U.S. Census Bureau
Between 2005 and 2010, Generation X saw the biggest percent decline in median household net worth.
Almost everyone in America has good reason to throw a little pity party whenever they think about what the economic turmoil of recent years has done to their financial situation. A government report released Monday finds that the 35- to 44-year-old members of Generation X may have the most cause to feel sorry for themselves.
The Census Bureau study found that between 2005 and 2010, households led by 35- to 44-year-olds saw the biggest percent decline in median household net worth. For those households, median net worth declined 59 percent, from $80,521 in 2005 to $33,200 in 2010, adjusted in constant 2010 dollars.
In terms of actual dollars lost, 45- to 54-year-olds took the biggest hit. For households in that age range, median net worth declined by $54,881, to $90,434. That’s a 38 percent drop from 2005, calculated in 2010 dollars.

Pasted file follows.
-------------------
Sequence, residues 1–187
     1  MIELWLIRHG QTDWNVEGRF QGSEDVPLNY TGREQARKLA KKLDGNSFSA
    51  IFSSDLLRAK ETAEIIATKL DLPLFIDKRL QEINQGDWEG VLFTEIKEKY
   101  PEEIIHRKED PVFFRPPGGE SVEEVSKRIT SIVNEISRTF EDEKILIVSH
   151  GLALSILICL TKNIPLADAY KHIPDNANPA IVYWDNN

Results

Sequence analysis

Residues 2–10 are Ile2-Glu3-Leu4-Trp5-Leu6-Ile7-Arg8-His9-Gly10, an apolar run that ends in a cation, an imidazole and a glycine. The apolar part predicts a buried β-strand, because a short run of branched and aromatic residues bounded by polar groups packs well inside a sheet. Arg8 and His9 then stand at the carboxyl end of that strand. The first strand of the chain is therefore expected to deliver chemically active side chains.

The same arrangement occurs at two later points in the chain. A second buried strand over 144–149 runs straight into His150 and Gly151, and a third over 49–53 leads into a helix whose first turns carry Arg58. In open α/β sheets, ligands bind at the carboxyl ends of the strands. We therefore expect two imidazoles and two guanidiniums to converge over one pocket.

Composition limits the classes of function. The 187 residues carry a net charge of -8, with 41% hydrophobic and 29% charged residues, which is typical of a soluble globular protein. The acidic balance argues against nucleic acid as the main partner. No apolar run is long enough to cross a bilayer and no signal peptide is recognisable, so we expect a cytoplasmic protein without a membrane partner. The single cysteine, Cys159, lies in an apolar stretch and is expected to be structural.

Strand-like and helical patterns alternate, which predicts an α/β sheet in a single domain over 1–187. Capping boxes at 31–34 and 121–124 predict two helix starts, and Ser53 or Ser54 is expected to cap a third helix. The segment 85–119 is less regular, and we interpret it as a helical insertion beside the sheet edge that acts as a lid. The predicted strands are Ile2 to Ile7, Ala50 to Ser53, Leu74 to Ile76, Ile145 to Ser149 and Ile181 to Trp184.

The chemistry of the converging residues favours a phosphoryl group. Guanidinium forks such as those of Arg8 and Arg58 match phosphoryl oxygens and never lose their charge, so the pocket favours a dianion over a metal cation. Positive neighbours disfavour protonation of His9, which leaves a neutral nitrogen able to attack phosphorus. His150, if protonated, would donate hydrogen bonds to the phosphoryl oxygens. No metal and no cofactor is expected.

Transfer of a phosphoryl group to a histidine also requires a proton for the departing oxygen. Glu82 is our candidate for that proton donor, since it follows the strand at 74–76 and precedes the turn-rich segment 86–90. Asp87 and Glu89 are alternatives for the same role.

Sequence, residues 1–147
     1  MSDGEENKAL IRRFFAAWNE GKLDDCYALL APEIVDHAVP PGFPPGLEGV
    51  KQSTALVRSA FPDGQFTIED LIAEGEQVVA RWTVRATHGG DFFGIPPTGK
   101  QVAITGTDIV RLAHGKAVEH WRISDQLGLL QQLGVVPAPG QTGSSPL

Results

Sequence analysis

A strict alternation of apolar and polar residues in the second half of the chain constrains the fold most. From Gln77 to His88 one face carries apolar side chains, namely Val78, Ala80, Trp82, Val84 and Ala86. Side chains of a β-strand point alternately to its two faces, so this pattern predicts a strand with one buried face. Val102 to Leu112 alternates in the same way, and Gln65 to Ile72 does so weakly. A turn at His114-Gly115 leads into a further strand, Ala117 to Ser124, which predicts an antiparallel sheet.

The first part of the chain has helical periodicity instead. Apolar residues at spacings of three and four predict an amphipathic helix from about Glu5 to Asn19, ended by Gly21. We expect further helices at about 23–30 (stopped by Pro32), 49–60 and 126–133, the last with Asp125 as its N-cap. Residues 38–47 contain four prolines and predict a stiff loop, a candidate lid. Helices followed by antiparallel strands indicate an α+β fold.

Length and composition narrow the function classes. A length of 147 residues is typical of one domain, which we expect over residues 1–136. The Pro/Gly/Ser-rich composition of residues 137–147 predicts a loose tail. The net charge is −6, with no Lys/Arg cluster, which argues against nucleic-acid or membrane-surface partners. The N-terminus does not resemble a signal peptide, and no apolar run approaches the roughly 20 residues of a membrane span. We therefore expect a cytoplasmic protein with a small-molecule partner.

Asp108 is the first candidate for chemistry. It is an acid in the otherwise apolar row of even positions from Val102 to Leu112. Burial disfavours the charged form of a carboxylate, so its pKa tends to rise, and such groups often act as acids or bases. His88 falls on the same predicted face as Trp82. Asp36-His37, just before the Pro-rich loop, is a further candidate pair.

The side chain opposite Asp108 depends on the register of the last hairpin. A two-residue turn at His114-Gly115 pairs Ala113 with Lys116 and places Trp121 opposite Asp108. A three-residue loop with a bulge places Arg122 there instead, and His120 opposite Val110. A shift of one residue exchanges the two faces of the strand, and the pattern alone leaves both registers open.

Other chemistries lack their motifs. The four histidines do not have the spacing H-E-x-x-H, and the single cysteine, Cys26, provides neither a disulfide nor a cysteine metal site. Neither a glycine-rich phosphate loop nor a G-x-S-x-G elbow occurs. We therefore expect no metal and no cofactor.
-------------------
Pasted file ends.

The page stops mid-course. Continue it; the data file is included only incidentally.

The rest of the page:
Overall, the study found that median household net worth in the United States declined by 35 percent between 2005 and 2010, to $66,740. The housing bust and stock market declines were mainly to blame for the drop.
The Census report is based on the annual Survey of Income and Program Participation, which takes a detailed look at the financial situation of Americans from all walks of life. The survey uses the renter or owner of record in each household to determine what age group the household falls into.
The Census data comes a week after the Federal Reserve released a separate survey showing that the median net worth of the American family dropped 39 percent from about $126,000 in 2007 to $77,000 in 2010.
The Census study looks at a slightly longer period and offers detailed breakdown by race, age, education level and region. But the two studies come to the same sobering conclusion: We’ve lost a lot of economic ground in recent years, and it will take a long time to work our way back.